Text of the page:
We both at the time were living in Chicago, and Chicago has a healthy experimental film community and a really great DIY ethos in the art and music scenes. Lilli has a background in comics and the comics world, and especially in Chicago, if you want it to exist, you do it. You don’t wait for permission. I think it was really coming out of that Chicago, can-do, DIY vibe that we said, “Yeah, we’ll just do some screenings, it will be great”. At the time I was teaching at DePaul University, so I just booked the main theater and said, “We’re going to do a film festival, we’re going to do some screenings.” We got a bunch of films from this place in Chicago called Chicago Filmmakers that has a really intersting 16mm print collection. That was a big source of inspiration for us at the start, diving into their film collection from the 60s and 70s and 80s and 90s and learning about a lot of filmmakers that we just didn’t know. We would just go there and look and say, “OK, let’s just look at the catalog and find some films”. Right away we were trying to bring in the historical stuff and also encourage ourselves to learn more about it, and then to show it. The whole idea was to do a festival because we want this type of festival to exist, so let’s make it happen. We brought in a lot of contemporary work and a lot of older stuff, and then we had David O’Reilly come as our guest. Right from the start we thought, “Let’s have a guest, that really focuses the energy, to have someone in person.”
So that’s how we got the ball rolling. It was just really fun to do it, and to do the artwork and to plan it. Curating can be really satisfying. You work very hard on putting something together, and then you have this great moment where you have 150 or 200 people there to see it, with people standing in the back of that theater and sitting on the floor. After that happened, we said, “Well, this is fun, and people seem to like it, so let’s keep going with it, and keep doing it as long as it’s fun”. We are both also practicing artists, and I’m a teacher and Lilli does a lot of other work too. So we try to fit it in around our other stuff, and make sure it’s still enjoyable for us to do. This is the eighth year we’ve been doing it.
And to answer the second part your question, about how it’s changed, it absolutely has changed. I look back at the first year, the second year, the third year, and it’s not the same stuff I would program now. A lot of it is that my taste has changed and that Lilli’s taste has changed, and our tastes have changed together too. I think we show work now that is more challenging than we did when we started. We definitely show a lot more CG [computer graphics] work and digital work now. I think we showed a lot more drawn animation when we first started, very experimental work, but we were less interested in computer animation when we were starting to do the festival. Although, David OReilly was a CG artist, and the reason we brought him the first year is because we didn’t want the festival to be stuck in the past. We didn’t want to do something that was fetishizing the 70’s. There’s an influential book called Experimental Animation by Robert Russett and Cecile Starr, and Lilli and I are both very influenced that book, but we didn’t want to make a festival that’s just trying to figure out how to remind people that this book is great. In terms of how our taste has changed, I would say that it’s maybe become more focused on, in terms of technique, a lot more digital work and maybe a slightly looser definition of animation; not being afraid to drop the question of what is and isn’t animated, to get a little bit looser with that. I think we both have tried to push each other to be rigorous, to include work that feels rigorous and substantial that is animated, alongside work that feels playful and goofy that’s animated.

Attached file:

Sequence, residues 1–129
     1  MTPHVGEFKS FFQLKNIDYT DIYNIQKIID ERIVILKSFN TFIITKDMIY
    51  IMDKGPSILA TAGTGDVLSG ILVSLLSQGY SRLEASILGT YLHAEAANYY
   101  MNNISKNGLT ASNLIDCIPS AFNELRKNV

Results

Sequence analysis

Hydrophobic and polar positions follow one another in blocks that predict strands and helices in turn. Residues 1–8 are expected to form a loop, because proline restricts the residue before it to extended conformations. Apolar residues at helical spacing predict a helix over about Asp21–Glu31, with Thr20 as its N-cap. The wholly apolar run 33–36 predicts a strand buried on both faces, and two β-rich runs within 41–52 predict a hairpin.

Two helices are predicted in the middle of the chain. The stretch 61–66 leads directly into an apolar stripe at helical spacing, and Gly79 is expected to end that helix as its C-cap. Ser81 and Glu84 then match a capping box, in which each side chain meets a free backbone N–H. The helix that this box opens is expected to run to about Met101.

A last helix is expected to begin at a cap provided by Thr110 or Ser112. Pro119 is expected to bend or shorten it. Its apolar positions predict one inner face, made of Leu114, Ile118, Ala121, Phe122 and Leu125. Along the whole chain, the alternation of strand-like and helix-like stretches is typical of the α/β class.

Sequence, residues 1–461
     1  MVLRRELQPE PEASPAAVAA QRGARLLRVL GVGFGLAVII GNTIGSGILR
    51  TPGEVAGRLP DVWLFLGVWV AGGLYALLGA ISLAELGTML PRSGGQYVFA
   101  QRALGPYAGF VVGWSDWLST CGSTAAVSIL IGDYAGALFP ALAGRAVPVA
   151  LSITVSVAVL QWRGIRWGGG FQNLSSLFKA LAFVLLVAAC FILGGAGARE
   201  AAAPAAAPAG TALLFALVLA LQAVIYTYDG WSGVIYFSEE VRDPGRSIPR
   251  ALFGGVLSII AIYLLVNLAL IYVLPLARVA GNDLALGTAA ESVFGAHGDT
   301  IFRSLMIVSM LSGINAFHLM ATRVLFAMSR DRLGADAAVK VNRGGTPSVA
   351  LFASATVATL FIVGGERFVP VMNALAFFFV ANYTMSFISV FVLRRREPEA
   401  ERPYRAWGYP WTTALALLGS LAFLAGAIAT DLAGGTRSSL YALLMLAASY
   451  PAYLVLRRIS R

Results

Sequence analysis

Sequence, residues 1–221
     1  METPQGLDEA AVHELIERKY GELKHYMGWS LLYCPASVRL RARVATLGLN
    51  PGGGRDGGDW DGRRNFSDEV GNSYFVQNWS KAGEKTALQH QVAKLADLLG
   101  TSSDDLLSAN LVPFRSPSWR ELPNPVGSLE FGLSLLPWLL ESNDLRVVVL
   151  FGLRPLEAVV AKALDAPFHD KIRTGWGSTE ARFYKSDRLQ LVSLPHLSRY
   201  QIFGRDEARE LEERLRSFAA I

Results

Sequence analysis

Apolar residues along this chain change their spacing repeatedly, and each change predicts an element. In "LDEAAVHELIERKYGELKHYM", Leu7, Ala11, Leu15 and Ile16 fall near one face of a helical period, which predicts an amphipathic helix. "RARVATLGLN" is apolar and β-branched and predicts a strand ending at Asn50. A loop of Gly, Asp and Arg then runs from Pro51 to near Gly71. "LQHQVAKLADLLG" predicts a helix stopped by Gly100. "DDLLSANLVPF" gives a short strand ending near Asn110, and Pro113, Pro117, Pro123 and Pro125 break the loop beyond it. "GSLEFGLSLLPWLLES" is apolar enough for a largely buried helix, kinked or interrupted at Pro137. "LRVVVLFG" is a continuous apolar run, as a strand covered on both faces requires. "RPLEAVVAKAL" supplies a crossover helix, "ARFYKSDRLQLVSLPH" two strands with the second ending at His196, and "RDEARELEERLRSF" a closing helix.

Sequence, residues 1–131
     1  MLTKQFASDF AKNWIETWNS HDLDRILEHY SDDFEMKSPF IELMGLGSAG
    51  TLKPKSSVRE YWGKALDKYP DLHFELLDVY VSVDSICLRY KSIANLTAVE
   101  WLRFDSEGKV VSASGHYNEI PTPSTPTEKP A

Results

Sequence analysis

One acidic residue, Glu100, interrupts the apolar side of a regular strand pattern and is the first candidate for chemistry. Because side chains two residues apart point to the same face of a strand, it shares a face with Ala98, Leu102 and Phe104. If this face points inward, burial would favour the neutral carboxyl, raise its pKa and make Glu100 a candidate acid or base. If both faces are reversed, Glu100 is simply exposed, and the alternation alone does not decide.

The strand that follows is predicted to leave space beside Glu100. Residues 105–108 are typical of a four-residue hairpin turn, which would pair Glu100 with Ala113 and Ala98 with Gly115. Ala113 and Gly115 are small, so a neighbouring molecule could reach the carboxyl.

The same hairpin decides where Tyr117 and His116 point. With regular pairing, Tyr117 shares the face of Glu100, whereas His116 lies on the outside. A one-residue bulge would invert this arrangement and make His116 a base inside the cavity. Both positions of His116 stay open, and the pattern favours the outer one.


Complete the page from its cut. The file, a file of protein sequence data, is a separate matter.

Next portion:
I think you want an art form to be able to ask a full range of questions about the experience of being alive today. As an artist, I want to say about animation as a medium, “I can ask all the questions that life asks of me. I don’t just have to treat animation as this kind of weird, reductive thing focused on jokes. I can do a broad range of thinking in the medium.” I think that’s the kind of the work that we felt was important to show, that it can contain all this stuff. It’s not like we’re not interested in fun, or we’re not interested in jokes. There’s a huge part of the history of animation. We want to have it there, but we also want to have work that feels formal and pure and intense. We want to have work that feels personal and expressive and intimate. We want to have work that feels political and social. We don’t necessarily want to go in any one direction, but we do want to make a case for the larger potential of the medium.